• Sovcomflot defies Russia sanction risk to come to market

    Sovcomflot defies Russia sanction risk to come to market

    Sovcomflot, the majority state-owned Russian shipping company, defied some market participants' expectations on Tuesday by coming to market to raise dollar debt just days after a fresh wave of US sanctions on Russia.

  • Kakao chairman trims stake after charity pledge

    Kakao chairman trims stake after charity pledge

    The chairman of South Korea’s Kakao Corp has kicked off his official pledge to donate more than half of his wealth to society by raising about W500bn ($448m) from a stake sale in the messaging app on Thursday.

  • Peru bondholders 'complacent' amid LatAm election super-cycle

    Peru bondholders 'complacent' amid LatAm election super-cycle

    Peruvian bonds barely moved this week after a shock in the first round of the country’s presidential elections on April 11, while Ecuador debt reacted spectacularly to a positive electoral surprise on the same day. Yet there are concerns about complacency towards risks in Peru, where a left-wing radical took most first-round votes, and Latin American bond buyers should brace for more volatility as the region faces an exceptionally busy election cycle.

  • PP investors weigh up governance as UK schools face crisis

    PP investors weigh up governance as UK schools face crisis

    Institutional investors are weighing up governance at elite UK private schools after a series of serious sexual assault allegations emerged from the sector. As certain private schools look for new deals to add to the £500m they have already raised, investors are focusing on how schools have handled the ensuing crisis.

  • ‘Russia’s Rubicon crossed’ after Biden sanctions

    ‘Russia’s Rubicon crossed’ after Biden sanctions

    Equity and debt markets were fretting on Thursday over the implications of new US sanctions against Russia. A prohibition of US investment in Russian sovereign bonds marked an escalation in tensions, threatening sovereign borrowing costs. It could also damage Russian companies’ chances of funding in the capital markets, write Mariam Meskin and Sam Kerr.

  • Ukraine central bank chief Shevchenko on independence, IMF cash and PrivatBank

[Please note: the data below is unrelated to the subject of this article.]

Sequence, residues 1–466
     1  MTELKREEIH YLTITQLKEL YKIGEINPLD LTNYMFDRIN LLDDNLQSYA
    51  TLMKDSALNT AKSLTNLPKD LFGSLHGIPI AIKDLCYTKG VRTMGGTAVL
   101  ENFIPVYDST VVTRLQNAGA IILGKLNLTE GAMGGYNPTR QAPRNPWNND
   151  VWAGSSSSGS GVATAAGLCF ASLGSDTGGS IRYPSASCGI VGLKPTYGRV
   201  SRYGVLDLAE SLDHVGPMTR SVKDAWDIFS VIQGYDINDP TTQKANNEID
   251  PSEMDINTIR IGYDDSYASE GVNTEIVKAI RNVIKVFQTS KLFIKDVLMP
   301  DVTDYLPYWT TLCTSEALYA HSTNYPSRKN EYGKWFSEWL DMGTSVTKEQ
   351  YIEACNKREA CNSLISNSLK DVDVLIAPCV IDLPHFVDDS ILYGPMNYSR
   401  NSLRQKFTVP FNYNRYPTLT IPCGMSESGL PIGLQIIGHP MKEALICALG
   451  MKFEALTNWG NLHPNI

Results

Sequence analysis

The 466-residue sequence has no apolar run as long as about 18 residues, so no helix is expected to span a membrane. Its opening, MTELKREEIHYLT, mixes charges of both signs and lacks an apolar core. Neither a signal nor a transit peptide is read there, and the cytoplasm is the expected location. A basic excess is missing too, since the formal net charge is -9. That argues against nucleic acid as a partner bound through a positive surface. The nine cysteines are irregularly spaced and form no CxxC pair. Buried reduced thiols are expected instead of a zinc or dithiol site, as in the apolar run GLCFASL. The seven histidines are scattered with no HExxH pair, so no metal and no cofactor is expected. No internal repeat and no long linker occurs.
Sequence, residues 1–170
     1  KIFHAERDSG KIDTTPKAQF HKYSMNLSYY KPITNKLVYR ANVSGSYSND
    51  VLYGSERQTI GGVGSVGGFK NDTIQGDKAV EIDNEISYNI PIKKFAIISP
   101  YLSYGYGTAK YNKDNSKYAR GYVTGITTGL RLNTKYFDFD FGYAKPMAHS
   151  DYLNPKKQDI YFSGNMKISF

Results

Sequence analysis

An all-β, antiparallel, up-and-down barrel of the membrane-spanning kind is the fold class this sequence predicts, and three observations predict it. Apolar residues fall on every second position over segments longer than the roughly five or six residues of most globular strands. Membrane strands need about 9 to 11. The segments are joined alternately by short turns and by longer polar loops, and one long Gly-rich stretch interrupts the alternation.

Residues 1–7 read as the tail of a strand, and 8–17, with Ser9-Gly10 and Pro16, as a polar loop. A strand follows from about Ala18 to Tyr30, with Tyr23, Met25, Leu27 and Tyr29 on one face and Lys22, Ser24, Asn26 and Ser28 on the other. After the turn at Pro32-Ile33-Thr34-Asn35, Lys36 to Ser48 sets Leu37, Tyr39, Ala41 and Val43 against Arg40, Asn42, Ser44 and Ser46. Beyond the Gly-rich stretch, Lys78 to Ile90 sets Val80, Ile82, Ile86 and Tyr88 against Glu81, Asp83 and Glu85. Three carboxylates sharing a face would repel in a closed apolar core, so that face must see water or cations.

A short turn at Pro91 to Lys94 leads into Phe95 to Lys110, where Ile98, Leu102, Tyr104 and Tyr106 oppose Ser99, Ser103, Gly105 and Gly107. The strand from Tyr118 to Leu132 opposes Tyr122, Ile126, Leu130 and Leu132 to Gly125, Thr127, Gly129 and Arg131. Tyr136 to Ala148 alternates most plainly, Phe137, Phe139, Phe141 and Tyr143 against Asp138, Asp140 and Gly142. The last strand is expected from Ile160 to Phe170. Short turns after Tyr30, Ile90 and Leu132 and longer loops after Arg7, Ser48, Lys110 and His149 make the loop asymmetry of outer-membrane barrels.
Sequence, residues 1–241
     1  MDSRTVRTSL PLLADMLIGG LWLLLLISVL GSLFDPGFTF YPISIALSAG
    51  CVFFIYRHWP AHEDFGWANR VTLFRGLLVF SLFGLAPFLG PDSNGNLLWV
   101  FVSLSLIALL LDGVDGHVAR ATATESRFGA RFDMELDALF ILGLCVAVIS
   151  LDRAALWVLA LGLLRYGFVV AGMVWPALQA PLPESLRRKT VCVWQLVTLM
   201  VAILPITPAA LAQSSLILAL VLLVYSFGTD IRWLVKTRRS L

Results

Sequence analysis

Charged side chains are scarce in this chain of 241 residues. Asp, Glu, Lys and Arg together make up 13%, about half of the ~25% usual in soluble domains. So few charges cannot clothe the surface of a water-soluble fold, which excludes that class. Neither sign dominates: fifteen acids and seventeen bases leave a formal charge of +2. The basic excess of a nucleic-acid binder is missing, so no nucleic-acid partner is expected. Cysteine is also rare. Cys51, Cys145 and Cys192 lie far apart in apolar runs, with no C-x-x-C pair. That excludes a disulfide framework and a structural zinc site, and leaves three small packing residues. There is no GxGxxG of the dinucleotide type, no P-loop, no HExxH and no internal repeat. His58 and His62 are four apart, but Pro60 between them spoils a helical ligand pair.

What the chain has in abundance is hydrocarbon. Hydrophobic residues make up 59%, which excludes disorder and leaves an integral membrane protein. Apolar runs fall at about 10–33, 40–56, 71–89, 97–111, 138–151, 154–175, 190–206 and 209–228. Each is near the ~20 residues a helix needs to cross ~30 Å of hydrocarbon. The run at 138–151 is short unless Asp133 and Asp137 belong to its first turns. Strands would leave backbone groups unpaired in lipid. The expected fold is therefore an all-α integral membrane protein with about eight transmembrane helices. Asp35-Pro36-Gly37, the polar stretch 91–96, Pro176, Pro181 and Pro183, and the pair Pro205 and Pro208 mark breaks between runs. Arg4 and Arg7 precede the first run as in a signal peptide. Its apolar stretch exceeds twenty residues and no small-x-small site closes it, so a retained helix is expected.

Ukraine central bank chief Shevchenko on independence, IMF cash and PrivatBank

    Ukraine is once more at the forefront of emerging market investors' worries as military tensions with Russia escalate. Amid the uncertainty, Ukraine is fighting another uphill battle to access IMF funding in order to recover its economy as soon as possible. The governor of the National Bank of Ukraine, Kyrylo Shevchenko, spoke to GlobalCapital about the challenges the country is facing and the importance of central bank independence.

  • Ant unveils business overhaul plan as Beijing tightens screws

    Ant unveils business overhaul plan as Beijing tightens screws

    Chinese financial technology company Ant Group Co will transform itself into a financial holding company as part of a government mandated restructuring that will affect its key payments, consumer lending and wealth management businesses.

  • Alibaba’s HK stock rallies after record fine

    Alibaba’s HK stock rallies after record fine

    Alibaba Group Holding’s shares in Hong Kong closed 6.51% higher on Monday, despite news over the weekend that the technology giant will be hit with a record fine of Rmb18.22bn ($2.8bn) by China’s regulators.

  • China policy round-up: Beijing cracks down on regional financial institutions, Hainan FTP access rules ease up, Guangzhou reveals ambitious GBA development plan

    China policy round-up: Beijing cracks down on regional financial institutions, Hainan FTP access rules ease up, Guangzhou reveals ambitious GBA development plan

    In this round-up, the State Council flags up risks at regional financial institutions in China, measures have been announced to relax market access in the Hainan Free Trade Port, and the Guangzhou government details a plan to develop the financial industry and support cross-border businesses in the Guangdong-Hong Kong-Macao Greater Bay Area.

  • Kangde Xin gets the boot from Shenzhen bourse

    Kangde Xin gets the boot from Shenzhen bourse

    Defaulted bond issuer Kangde Xin Composite Material Co is expected to be delisted from the stock exchange of Shenzhen next month, a move that will end an over two year probe by Chinese regulators into the company.

  • Macquarie sanctioned by Apra over regulatory breaches

    Macquarie sanctioned by Apra over regulatory breaches